Remembering the Mahatma: Gandhi and Ahimsa

As a generation today, we have succumbed ourselves to the altar of negativity, pessimism and mediocrity. The notion of an idealistic and quixotic society seems to have dried off. People are becoming more and more ‘practical’, so to speak. Self-justification of one’s actions and mindless formulation of the ideals of life is rampant. In such a surcharged environment, it is often argued that principles having a utopian basis like ‘ahimsa’ have become anachronistic. Albeit such wrangles are large in number today, they lack a reasonable justification to their factuality. Thus, it would be wrong to say that the principles which have guided us all along the way, the moral fibre that makes us capable of taking determined and daring decisions in life and the ethics that we based our national struggle on have been lost.

In a similar manner, just because people hold opinions against such methods, it does not suggest a deviation from or obsoleting of Non- Violence. It might be argued that the values preached by the Mahatma are not followed by many people nowadays but this is furthermore a reason why such values have altogether become even more significant in the present milieu. All religions practiced today preach men not to submit to their lowly temptations of rage and rampage but to treat all living entities with compassion and non-violence. Let alone men, it is such a beautiful aspect of our culture that we step back a foot if there is even an ant below it. To talk about whether ahimsa still persists today thus seems irrelevant from a philosophical point of view, but there is also a need to analyse this factually and objectively.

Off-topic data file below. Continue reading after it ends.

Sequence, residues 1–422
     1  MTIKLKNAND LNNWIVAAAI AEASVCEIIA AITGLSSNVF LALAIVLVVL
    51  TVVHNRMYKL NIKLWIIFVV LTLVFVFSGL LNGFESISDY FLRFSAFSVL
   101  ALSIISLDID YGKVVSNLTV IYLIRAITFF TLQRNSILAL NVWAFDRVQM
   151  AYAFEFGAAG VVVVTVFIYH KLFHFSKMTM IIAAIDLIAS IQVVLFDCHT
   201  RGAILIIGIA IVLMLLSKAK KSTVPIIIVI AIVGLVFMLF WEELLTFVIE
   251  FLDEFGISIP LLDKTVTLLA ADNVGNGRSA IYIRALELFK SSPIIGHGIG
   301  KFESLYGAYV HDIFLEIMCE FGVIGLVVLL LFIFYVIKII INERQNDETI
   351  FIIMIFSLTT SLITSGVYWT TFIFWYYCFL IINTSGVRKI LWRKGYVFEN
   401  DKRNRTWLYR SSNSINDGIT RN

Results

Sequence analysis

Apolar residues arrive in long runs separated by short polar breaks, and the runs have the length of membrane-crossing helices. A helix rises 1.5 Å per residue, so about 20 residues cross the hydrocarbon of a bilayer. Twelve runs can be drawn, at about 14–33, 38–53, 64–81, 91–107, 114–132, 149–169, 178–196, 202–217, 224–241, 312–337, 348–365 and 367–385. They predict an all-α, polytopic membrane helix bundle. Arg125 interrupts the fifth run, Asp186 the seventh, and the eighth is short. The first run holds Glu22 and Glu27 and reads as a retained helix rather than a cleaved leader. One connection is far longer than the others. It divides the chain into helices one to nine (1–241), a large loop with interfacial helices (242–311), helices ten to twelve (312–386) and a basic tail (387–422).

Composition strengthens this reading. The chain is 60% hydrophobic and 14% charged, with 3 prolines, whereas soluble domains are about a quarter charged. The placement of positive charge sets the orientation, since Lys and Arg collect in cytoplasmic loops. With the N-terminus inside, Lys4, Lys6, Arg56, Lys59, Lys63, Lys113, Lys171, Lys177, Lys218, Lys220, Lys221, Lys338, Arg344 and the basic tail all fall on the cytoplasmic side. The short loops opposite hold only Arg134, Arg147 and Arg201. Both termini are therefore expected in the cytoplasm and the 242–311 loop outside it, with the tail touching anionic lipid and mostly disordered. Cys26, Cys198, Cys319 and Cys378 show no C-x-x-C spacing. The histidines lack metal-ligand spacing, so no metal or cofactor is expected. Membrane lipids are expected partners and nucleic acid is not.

What is Ahimsa?-one might ask. Is it the adopting of dormancy when faced with tempestuous situations? Or is it a behavioural persona characterised with a ‘devil may care’ attitude that the present generation so boldly boasts of? For the author of this article, Ahimsa is a way of life that makes a person complete in his interactions towards all of the world and towards all of its beings alike; the person no longer remains a bias to any particular dimension of his character but instead becomes a complete round. Ahimsa is not merely a negative state of harmlessness, but it is positive state of love, of doing good even to the evil-doer. Mahatma Gandhi believed that there was no other God than Truth, and that the only means for realization of Truth was Ahimsa. The Mahatma always defined a strong line between non-violence and a fight for rights. It is not in the nature of non-violence theory to keep on bearing cruelty and oppression at the hands of the oppressor. On the contrary, it goes without saying that the Mahatma used the same weapon to fight the greatest war of Indian history!